Pro-Government Activists in Kyrgyzstan Call for Foreign Agent Law Targeting OCCRP Partners
Describing themselves as “activists” and “bloggers,” four people held a press conference in Kyrgyzstan on Tuesday calling for the country to adopt a “foreign agent law” analogous to one that has been used to persecute independent media outlets in Russia.
The four activists named OCCRP’s local member center Kloop, RFE/RL’s Kyrgyz language service Radio Azattyk, and independent local outlet Kaktus as deserving of the label because they presented information “incorrectly” or “one-sidedly.”
All three outlets, which pursue an independent editorial policy, do receive funding from foreign donors. Their reporting often covers corruption at the highest levels of the Kyrgyz government.
Recently, Kloop and Azattyk co-published with OCCRP an investigation about how the country’s security service persecuted another independent journalist, Bolot Temirov.
On several occasions during the press conference, the activists called on members of Kyrgyzstan’s parliament to adopt the foreign agent legislation. This was long supported by Tursunbai Bakir Uulu, a former member of parliament who told the 24.kg news agency that he had paid for the press conference.
The activists also called for public protests against the outlets to be held on Wednesday. Social media posts in support of these protests have been shared by prominent figures, including Bakir Uulu.
Kloop reporters looked into the identity of these four activists, finding that they are supporters of Kyrgyz President Sadyr Japarov.
At the press conference, Ilimbek Israilov described himself as a political blogger with an audience of 2.5 million people.
It’s not clear where this number comes from. Israilov has 4,900 Facebook friends, while videos posted on two YouTube channels that use his name have 161,000 total views. On TikTok, Israilov has 20,000 followers.
Most of his posts are about politics and are supportive of Kyrgyzstan’s current government.
Israilov is also known to be a supporter of Raimbek Matraimov, a former top customs official who has admitted to massive corruption and has been featured in multiple previous OCCRP investigations. In March 2021, Israilov took part in a protest in the southern city of Osh in Matraimov’s support. Its participants attempted to physically provoke Kloop and Azattyk journalists who were covering the scene.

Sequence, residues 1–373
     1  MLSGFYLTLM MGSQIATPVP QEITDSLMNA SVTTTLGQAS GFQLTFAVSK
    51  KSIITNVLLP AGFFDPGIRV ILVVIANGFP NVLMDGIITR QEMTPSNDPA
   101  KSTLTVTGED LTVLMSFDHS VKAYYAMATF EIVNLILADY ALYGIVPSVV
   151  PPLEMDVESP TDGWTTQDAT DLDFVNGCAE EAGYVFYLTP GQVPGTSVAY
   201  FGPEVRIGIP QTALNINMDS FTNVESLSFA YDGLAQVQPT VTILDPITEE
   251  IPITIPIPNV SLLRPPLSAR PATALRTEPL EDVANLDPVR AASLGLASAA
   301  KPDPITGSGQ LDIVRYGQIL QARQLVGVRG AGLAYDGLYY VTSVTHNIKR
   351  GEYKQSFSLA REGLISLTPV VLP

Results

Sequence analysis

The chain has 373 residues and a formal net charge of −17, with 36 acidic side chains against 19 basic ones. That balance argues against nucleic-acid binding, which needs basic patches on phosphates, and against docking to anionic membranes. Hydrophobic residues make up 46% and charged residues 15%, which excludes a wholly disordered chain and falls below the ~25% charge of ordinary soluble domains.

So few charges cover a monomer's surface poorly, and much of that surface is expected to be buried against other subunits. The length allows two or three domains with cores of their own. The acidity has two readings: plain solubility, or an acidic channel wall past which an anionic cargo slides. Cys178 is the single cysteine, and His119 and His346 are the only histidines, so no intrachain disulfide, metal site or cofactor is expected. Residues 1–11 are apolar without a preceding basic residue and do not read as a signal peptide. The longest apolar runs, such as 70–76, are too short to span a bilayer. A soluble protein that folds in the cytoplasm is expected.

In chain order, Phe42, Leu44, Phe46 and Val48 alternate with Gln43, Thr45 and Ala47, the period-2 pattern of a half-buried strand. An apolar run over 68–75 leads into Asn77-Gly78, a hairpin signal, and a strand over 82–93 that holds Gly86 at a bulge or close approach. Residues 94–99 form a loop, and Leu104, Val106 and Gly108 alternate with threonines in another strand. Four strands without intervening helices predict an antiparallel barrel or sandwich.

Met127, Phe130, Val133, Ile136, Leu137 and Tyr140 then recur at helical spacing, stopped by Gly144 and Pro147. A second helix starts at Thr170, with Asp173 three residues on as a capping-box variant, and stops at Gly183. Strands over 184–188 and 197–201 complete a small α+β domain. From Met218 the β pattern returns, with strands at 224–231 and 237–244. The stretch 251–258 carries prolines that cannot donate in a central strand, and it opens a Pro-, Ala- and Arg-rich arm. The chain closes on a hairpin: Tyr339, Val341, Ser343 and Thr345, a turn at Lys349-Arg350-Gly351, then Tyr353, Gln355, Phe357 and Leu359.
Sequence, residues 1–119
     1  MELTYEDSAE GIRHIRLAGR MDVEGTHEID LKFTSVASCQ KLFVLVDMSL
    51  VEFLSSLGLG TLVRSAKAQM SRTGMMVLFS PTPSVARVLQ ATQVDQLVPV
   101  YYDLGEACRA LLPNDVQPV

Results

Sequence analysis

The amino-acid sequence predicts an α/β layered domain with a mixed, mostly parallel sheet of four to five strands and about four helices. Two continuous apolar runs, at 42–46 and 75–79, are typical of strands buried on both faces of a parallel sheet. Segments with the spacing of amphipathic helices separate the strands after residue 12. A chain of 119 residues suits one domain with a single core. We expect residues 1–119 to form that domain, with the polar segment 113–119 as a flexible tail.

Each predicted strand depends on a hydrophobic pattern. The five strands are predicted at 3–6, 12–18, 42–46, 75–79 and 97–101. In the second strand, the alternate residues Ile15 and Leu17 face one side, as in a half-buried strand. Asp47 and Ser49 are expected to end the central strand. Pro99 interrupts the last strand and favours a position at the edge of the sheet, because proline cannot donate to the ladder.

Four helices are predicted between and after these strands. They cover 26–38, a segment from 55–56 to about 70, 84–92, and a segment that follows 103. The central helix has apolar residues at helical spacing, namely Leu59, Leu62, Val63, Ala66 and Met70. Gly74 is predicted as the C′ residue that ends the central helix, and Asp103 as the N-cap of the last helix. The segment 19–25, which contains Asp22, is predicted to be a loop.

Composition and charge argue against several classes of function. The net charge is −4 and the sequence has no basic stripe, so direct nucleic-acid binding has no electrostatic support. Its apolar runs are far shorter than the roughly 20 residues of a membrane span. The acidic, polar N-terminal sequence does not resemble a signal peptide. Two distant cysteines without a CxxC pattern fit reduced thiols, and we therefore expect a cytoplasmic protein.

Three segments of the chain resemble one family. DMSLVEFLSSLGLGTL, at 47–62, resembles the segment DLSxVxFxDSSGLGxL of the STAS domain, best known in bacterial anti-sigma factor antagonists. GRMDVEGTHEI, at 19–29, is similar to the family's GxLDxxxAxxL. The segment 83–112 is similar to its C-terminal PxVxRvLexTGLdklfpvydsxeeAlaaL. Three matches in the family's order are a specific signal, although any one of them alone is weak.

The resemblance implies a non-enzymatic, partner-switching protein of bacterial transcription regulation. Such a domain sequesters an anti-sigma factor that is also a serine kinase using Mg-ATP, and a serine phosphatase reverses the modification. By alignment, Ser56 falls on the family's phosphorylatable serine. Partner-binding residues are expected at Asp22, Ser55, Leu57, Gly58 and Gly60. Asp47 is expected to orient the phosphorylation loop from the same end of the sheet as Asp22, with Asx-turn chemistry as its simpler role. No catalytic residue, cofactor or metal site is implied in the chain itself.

Journalists from Bolot Temirov’s outlet, Temirov Live, have also reported that Israilov was among the organizers of a demonstration against the non-profit sector and LGBT community that was held last April.
Temirov Live reported that police officers also took part in the protest held outside the interior ministry building, where participants attacked demonstrators who were calling for the removal of Interior Minister Ulan Niyazbekov.
Another participant of the press conference, Nurbek Toigonbaev, also describes himself as a blogger and activist. On his Facebook page, he also frequently supports Kyrgyzstan’s current government and has posted photos with Bakir Uulu.
has reported. “Later, these poems were recited by other Japarov supporters.“From public sources it is known that he wrote a poem about his distress at the arrest of [current Kyrgyz president] Sadyr Japarov in 2017,” Kaktus
Venera Kasymova and Zhyrgal Sagyndykov
Venera Kasymova and Zhyrgal Sagyndykov were the two other participants of the press conference. There is little information about them in public sources, but their Facebook pages make clear their support for President Japarov.
A Russian version of this story was originally published by Kloop, OCCRP’s Kyrgyz member center.